I couldn’t help thinking wistfully of the time that Dad and Linda and I visited the Mauritshuis in the Hague ten years ago: there was a public transportation strike that day, and the three of us decided to hire a car and driver to get us from Noordwijk ann zee to the Hague.  Maybe it was the transportation strike, maybe we just timed things well, or maybe the Mauritshuis is always rather sleepy, but we were almost the only visitors at the museum.  I got to spend a good half hour in the company of Vermeer’s “Girl with a Pearl Earring,” just me in that room with that amazing painting.  That was one of the best half hours of my life, being able to study and appreciate that masterpiece without other people to bug me, and I have a feeling that being alone with Chihuly’s glass pieces could be similarly memorable.  But there were just too many people, too many iPhones and Blackberries and other devices, too much photo-taking.  I wonder whether the people taking those photos were even looking at the art while they were able to, or if they were simply accumulating snapshots to upload to their Facebook pages – “Look where I was today!”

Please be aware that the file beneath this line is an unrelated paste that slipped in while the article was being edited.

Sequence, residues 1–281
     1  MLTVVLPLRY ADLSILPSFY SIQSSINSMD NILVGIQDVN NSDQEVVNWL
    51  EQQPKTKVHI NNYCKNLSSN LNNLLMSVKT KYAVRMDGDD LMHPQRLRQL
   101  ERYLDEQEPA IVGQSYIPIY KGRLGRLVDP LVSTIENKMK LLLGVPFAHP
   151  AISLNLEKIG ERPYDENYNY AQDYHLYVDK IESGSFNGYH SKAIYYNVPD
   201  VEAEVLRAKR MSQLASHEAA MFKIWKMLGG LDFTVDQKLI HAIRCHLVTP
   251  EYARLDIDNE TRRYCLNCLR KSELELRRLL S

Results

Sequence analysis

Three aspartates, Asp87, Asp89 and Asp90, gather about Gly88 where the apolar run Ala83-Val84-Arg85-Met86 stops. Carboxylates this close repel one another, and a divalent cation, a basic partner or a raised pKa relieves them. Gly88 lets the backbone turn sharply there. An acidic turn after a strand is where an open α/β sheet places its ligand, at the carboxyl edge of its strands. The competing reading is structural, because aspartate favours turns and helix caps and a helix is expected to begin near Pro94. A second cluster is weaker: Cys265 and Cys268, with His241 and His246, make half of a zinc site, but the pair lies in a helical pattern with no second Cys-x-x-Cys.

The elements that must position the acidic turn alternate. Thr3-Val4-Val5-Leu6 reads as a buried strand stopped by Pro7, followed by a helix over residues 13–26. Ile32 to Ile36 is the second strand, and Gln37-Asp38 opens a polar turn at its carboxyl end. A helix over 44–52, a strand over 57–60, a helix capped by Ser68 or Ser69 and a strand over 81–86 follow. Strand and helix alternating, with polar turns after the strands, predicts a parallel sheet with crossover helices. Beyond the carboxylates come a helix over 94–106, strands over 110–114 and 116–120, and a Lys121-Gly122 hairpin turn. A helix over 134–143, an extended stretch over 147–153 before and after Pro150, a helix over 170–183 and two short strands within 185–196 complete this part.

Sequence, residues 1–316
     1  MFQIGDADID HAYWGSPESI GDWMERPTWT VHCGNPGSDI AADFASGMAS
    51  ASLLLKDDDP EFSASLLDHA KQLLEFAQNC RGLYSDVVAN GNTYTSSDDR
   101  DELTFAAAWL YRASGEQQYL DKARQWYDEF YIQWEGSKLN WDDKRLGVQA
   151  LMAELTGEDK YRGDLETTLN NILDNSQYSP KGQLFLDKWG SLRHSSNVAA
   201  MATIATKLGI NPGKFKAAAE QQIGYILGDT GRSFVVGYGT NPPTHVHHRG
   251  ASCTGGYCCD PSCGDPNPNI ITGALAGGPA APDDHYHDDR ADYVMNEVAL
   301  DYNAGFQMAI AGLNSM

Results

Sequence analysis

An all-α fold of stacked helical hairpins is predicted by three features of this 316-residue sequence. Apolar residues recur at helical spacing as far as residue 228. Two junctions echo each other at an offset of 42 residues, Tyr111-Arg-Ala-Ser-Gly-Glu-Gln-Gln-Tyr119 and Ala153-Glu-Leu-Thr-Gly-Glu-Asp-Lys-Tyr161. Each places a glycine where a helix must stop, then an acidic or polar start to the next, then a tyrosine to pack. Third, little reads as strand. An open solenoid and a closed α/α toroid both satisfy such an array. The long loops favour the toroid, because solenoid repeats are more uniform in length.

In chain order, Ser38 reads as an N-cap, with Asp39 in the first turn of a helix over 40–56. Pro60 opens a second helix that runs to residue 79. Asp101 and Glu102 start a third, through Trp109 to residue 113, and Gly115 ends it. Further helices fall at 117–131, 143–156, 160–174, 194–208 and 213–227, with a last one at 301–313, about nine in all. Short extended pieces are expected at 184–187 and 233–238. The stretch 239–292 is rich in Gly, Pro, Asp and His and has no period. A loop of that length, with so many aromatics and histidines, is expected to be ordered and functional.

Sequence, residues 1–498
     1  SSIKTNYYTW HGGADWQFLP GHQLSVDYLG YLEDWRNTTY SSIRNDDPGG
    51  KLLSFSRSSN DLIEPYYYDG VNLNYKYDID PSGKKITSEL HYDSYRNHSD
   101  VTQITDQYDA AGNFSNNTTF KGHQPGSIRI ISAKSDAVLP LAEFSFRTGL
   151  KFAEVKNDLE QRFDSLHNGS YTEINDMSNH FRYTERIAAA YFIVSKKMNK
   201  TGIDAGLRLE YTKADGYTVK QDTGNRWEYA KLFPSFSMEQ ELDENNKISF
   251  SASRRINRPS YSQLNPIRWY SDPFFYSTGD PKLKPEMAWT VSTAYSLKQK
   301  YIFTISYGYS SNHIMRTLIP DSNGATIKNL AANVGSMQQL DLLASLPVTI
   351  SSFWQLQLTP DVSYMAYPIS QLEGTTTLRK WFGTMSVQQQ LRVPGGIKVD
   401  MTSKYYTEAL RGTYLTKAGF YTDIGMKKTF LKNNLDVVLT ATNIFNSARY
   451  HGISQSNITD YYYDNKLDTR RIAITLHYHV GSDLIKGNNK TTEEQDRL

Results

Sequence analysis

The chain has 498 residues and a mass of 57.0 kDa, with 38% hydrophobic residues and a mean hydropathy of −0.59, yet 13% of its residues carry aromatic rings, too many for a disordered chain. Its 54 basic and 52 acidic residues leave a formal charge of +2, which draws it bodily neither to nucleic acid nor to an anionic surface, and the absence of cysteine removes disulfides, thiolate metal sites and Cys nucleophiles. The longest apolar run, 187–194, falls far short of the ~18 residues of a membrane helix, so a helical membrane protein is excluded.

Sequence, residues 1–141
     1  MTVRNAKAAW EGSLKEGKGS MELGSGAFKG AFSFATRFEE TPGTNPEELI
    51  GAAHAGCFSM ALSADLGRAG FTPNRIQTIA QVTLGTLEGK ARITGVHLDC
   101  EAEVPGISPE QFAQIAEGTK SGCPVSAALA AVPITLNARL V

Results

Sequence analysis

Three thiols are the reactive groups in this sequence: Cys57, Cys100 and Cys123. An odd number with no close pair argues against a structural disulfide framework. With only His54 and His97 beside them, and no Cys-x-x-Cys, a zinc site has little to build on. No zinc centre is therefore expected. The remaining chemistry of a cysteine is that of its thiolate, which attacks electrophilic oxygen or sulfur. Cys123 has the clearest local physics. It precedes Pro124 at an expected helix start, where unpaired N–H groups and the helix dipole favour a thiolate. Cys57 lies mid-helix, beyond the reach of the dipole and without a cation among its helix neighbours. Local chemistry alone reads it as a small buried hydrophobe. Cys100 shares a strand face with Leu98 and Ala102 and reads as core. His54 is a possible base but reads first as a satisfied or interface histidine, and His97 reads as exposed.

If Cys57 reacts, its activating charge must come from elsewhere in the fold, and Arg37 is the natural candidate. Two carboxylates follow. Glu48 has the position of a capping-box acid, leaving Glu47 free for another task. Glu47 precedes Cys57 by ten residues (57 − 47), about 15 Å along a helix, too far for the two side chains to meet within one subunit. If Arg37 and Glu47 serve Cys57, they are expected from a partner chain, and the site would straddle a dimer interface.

I’m glad we went, though; glad we ventured out of the ‘burbs and into the city.  (I can’t forget to mention that we used the library’s museum pass to get in, saving us $30 in admission fees – yet another reason to love your library.)  And in my next post I’ll let y’all in on the reason why I needed to refresh my memory of how to get to the Simmons campus…can you stand the suspense until that post is posted?


Our bathroom project isn’t quite done, BUT…we now have a sink!!!!!  For the first time in six months!!!!

Below is a “before” photo of the bathroom as it was – cramped, overstuffed with cabinetry, and with a rapidly decaying floor.  And then there are the three triumphant “after” photos of our almost-complete bathroom…with the new pedestal sink!!!  I don’t even want to think about what the bill will be for the plumbers; right now I just want to enjoy this gorgeous sink.  (Click on images to enlarge.)